Rio said the Mongolian parliament had approved a resolution that resolved outstanding issues between Rio and the government.
As part of the deal, Turquoise Hill will waive $US2.4 billion ($3.4 billion) in debt owed to it by the Mongolian government.
Last week, Serbia rejected Rio’s planned lithium mine in the country amid anger over Australia’s deportation of Serbian tennis star Novak Djokovic.
Rio Tinto shares lost 0.9 per cent in late trade.
Fortescue Metals said shipments of iron ore rose 2 per cent over the December quarter, but it said worker shortages and the squeeze in global supply chains were weighing on its operations.
FMG shares fell 5.3 per cent to $19.42 in afternoon trade.
Rivals BHP and Rio Tinto have also warned of COVID-19 related disruption amid a surge in Omicron cases.
Wall Street comes back from sell-off
US stocks ended higher after an earlier steep sell-off as investors faced higher US interest rates, growing geopolitical tension and persistent headwinds from the pandemic.
The major US stock indexes bounced back in the last hour of trade, after a night of wild swings, as bargain hunting investors moved in.
During the session, the S&P 500 neared a correction, a 10 per cent drop from its record closing high on January 3.
Last week, the S&P 500 and the Nasdaq suffered their largest weekly percentage plunges since March 2020, when shutdowns to contain the pandemic led to a US recession.
However, after a night of big falls, the Dow Jones index rebounded late to close 0.3 per cent higher at 34,365, the S&P 500 also put on 0.3 per cent to 4,410, and the Nasdaq Composite increased 0.6 per cent to 13,855.
At one point during the session, the Dow Jones index fell 1,000 points, while the Nasdaq lost nearly 5 per cent of its value.
The ASX SPI 200 index was down 2 per cent to 6,909 at 7:30am AEDT, indicating a steep fall on the local share market.
By 8:50am AEDT, it had pared its losses to indicate a 1.3 per cent fall, indicating that the local session may not be so bad.
The Australian dollar fell 0.6 per cent to 71.38 US cents.
Tim Ghriskey from Ingalls & Snyder in New York said fear was driving the market sell-off.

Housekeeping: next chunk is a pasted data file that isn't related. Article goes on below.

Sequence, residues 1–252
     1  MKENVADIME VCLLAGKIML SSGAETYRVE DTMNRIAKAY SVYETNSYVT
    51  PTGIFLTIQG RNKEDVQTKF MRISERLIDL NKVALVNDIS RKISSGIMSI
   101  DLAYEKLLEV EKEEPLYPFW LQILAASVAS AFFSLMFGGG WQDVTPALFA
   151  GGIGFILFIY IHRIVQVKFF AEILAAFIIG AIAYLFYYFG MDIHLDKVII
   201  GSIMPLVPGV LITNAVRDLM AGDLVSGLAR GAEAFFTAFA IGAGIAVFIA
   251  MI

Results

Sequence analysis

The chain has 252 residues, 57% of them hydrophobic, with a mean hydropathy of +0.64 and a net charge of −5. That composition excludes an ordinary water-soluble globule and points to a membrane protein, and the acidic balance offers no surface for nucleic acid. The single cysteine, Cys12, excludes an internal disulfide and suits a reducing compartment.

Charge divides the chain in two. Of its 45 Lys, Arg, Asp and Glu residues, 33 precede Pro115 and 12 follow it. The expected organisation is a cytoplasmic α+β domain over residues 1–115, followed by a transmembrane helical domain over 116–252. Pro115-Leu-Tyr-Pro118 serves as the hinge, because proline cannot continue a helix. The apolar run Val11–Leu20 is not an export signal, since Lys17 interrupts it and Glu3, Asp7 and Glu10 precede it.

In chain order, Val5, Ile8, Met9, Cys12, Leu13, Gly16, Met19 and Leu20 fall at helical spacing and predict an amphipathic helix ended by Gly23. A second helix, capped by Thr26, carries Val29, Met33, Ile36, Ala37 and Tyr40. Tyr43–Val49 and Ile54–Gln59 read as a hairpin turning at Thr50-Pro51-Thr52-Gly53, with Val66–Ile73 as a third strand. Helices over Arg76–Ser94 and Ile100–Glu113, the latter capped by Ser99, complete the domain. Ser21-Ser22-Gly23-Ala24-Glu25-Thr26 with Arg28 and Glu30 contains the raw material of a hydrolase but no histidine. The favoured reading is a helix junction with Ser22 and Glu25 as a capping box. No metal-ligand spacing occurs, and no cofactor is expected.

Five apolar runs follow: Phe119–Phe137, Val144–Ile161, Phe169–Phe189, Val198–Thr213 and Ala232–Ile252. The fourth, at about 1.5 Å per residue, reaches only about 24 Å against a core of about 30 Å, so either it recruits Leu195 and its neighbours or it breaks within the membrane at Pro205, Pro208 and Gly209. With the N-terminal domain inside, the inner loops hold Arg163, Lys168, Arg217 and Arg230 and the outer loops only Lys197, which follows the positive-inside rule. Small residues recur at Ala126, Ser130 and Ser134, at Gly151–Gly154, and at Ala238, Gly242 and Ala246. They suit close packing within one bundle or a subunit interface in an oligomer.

“It’s a continuation of the same issues — uncertainty about the Fed, and the issue with Ukraine.”
The US Federal Reserve begins its two day meeting tonight and investors will look for clues on the central bank’s timeline for raising key interest rates to combat inflation.
In a sign that geopolitical tensions are heating up, NATO announced it was putting forces on stand-by to prepare for a potential Russian invasion of Ukraine.
The threat of potential conflict in that region saw Treasury yields dip, pausing their recent upward climb, which has pressured stocks in recent months.
Meanwhile, a report from IHS Markit indicated that surging infections of the Omicron COVID variant have hurt business activity in the United States.
US authorities announced they were suing Alphabet, accusing it of deceptive location practices by its Google search engine.
The company’s shares fell more than 2 per cent.
Electric car maker Tesla fell more than 5 per cent.
Kohl’s Corp surged by one third after Reuters reported private equity firm Sycamore Partners was preparing to make a bid for the department store chain days after a consortium backed by activist investment firm Starboard Value proposed a buyout.
Bitcoin, crypto slump
Bitcoin fell to its lowest level in six months overnight as the cryptocurrency continued to get caught up in the market sell-off.
It fell below $US33,000 to $32,975.76, according to Refinitiv, its lowest point since July.
At 9am AEDT, it had bounced back 4.2 per cent to $US36,861.
Edward Moya, senior market analyst at OANDA, said the cryptocurrency could fall further.
“This is a key moment for Bitcoin and, if panic selling returns on Wall Street, the $30,000 level might not prove very supportive.”
European market rout
In London, the FTSE 100 index slumped 2.6 per cent to 7,297, the DAX in Germany lost 3.8 per cent to 15,011, and the CAC 40 in Paris fell 4 per cent to 6,788.
Oil prices declined on the rising political tensions.
Brent crude fell 1.5 per cent to $US86.56 a barrel.
Spot gold rose 0.3 per cent to $US1,838.58 an ounce.